Brian: My goals for the short and long term are exactly the same. Keep our costs down. Increase our sales so we can offer even better pricing for farmers. Most importantly, we will continue to provide even more education to farmers so they can not only get a lower price for inputs, but they can continue to increase yields as well.
How did Hefty Seed Company originate?
Our mom’s parents were selling the home farm near Baltic, South Dakota, so mom and dad bought it and moved up from north-central Iowa in 1969. The problem was, few of the herbicides dad was using back home were available here, so he started the company to fill his own farm’s needs and those of some other local farms that year.
How do you think your company brings value to your customers?
We focus on education first and foremost. It’s not only important for us to offer a good price, we want to do what we can to help our customers use our products correctly and make more money on their farms.
What sets Hefty Seed apart from its competitors?
Our farm is a big advantage for us. We operate our farm as a huge test farm trying out the new products, programs and farming methods so we have firsthand knowledge to share with our customers.
As far as how we operate Hefty Seed Company, our strategy is simple and straightforward. We keep our overhead low, we work on efficiencies at all levels, we are detail oriented, and we work hard every day. We personally train the agronomy staff.
What were some of the factors that led you to market some of your products under the Hefty Seed brand name?
We focus on making complicated things simple for our customers to understand. We’ve chosen to market a number of crop protection additives under the Hefty Seed Company label so our customers don’t have to look at the myriad of additives out there and wonder which ones are the best.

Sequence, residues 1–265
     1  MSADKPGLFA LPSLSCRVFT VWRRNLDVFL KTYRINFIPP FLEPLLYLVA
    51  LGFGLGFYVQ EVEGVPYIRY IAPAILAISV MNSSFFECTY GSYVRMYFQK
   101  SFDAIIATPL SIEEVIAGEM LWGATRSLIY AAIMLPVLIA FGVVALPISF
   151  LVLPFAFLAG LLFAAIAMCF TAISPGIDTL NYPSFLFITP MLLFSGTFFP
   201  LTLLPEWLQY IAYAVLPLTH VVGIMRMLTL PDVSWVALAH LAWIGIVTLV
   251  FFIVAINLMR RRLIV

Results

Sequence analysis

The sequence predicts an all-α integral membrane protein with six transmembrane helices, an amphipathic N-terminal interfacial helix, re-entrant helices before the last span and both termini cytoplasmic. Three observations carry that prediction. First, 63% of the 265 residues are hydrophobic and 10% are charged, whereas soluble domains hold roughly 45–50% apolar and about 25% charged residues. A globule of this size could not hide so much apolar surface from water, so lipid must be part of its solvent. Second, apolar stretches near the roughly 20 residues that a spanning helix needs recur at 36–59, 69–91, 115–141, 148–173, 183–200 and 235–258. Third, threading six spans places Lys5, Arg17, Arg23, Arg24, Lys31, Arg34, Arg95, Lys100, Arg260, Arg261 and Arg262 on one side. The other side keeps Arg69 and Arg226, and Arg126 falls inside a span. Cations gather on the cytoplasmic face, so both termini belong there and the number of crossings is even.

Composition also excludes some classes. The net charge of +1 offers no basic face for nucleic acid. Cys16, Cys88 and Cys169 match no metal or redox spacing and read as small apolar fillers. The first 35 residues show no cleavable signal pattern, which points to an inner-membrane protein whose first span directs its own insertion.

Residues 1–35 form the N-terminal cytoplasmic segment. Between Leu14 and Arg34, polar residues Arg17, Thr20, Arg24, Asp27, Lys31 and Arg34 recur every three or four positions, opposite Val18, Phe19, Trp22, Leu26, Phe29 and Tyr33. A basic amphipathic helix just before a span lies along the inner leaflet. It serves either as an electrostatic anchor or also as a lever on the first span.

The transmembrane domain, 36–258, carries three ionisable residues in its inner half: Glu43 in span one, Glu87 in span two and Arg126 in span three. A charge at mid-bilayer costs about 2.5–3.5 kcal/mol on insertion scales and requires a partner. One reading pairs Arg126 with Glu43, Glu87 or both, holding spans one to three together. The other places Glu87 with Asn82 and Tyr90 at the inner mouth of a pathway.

Your company has media exposure with Ag PhD TV and Ag PhD Radio. Do you have any plans to expand in that area?
Ag PhD TV and Radio are completely separate from Hefty Seed Company. We broadcast Ag PhD as an unbiased production agriculture show. If we go on the air and try to sell you crop inputs, you’re not going to watch the show and, frankly, we aren’t going to have as much fun doing the show. What Ag PhD is about is production agriculture and what’s working and what’s not. As far as expansion ideas, we have quite a few that are in the works right now. We’re planning on upgrading our television productions to HD [high-definition] quality within the next year. We’re also working to bring Ag PhD telecasts to our Web site for free downloads. Podcasts are a great means of communication, and we’re working on audio and video podcasts for Ag PhD fans on the go.
Your show Ag PhD is unique to the farm sector. Who came up with the concept?
The concept was really developed in the full-day workshops we’d been doing for a number of years leading up to Ag PhD. We felt there was a need for an agricultural show that focused on more than farm news, weather and markets because those things farmers can’t control. What farmers can control is their agronomic practices, and that’s the focus of Ag PhD TV and Radio.
How long does it take to produce your show, and how involved are you in it?
We create all the content of the show, do the research, and appear on air. It’s up to our producer, Bob Rasmussen, to edit and produce the show. While we will each spend one to four hours per week working on the show, Bob works full time filming and editing the show.